In order to measure your promotion’s effectiveness, Sam Ashe-Edmunds of Small Business recommends the following: “…Set a variety of benchmarks to evaluate. Review your website and social media traffic during the period of a promotion to gauge its impact on customer activity. Calculate your cost to run the promotion, including your staff time, the money you paid contractors to create materials, media and printing costs and opportunity costs.” After you’ve reviewed these benchmarks, calculate your ROI. If everything outperforms previous promotions, you’ve just executed an effective marketing campaign.

Keys to Making Your Campaign Successful

As with anything else in marketing, there are keys to making your promotion effective. Ask yourself the following questions:

  • Who is my demographic?
  • What change do I want this promotion to incite?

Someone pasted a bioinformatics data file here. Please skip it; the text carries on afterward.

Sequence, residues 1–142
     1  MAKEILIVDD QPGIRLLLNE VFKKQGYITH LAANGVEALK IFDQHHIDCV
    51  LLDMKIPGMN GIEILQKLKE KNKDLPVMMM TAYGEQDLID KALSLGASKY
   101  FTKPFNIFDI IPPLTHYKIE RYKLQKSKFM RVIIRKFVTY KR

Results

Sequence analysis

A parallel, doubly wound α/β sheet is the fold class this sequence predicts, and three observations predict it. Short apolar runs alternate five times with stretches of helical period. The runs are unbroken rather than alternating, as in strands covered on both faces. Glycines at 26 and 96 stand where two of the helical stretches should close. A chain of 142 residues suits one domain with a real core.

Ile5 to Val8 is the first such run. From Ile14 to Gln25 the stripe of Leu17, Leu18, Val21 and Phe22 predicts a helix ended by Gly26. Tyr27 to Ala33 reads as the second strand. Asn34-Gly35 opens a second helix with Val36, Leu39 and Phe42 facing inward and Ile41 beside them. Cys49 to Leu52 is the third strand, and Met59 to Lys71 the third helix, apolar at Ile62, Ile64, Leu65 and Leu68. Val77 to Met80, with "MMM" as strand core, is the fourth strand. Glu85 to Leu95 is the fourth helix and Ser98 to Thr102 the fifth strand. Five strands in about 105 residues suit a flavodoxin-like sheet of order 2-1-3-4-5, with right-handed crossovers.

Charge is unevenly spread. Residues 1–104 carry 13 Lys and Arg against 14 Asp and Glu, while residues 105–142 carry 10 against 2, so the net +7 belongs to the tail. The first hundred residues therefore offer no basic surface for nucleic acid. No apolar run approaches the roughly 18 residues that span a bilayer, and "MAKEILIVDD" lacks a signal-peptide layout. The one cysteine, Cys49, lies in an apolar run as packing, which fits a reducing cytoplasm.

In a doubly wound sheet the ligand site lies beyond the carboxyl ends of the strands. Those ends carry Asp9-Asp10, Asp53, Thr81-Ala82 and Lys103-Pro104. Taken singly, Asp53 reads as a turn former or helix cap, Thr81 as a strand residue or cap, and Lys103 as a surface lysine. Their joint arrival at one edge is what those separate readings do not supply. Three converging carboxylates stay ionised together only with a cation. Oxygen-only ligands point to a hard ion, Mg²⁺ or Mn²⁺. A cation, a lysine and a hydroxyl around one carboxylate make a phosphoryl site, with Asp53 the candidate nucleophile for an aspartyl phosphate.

• What is the main point of this promotion?

After you’ve become clear about your intentions, decide what it is that you will offer. Incentives can range from discounted products to free samples to special events. Whatever you choose, remember that it’s wise to include both digital media and promotional merchandise in your marketing mix.

Promotional marketing can only be effective if it has a high ROI in addition to achieving your goal. Before you publicise your campaign, get specific about how many new clients you want to attract. Know how many sales you want to make and where you want your company to be after the promotion is over.

 

Case Studies and Statistics

For further examination, we’ll examine promotional marketing effectiveness metrics. This includes evaluating case studies and measured statistics.

In one effective campaign, Australian Physiotherapy Association (APA) reached out to Red Tomato. They wanted to create promotional products printed with indigenous artwork. Their aim was to increase brand awareness by giving this merchandise out to students at national fairs and in the Northern Territory. To facilitate this process, we chose highly visible items like water bottles and reusable bags. The APA was able to spread their word while staying within their budget. The benefits of promotional products are limitless!